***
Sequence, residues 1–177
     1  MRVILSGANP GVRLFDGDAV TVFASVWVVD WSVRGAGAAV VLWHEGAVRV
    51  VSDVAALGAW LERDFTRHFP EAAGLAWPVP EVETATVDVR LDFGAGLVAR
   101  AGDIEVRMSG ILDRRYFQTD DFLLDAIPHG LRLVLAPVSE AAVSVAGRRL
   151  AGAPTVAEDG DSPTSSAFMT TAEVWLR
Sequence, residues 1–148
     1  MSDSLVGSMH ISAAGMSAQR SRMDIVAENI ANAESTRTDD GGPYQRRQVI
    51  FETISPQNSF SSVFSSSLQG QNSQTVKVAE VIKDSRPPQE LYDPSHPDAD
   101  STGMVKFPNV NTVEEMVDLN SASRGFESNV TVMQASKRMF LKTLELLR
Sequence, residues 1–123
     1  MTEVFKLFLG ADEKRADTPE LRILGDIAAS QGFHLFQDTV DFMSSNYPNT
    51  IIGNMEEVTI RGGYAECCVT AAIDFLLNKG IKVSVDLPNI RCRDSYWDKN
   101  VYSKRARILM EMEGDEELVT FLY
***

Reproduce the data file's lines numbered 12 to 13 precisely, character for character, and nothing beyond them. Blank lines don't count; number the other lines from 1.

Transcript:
    51  IIGNMEEVTI RGGYAECCVT AAIDFLLNKG IKVSVDLPNI RCRDSYWDKN
   101  VYSKRARILM EMEGDEELVT FLY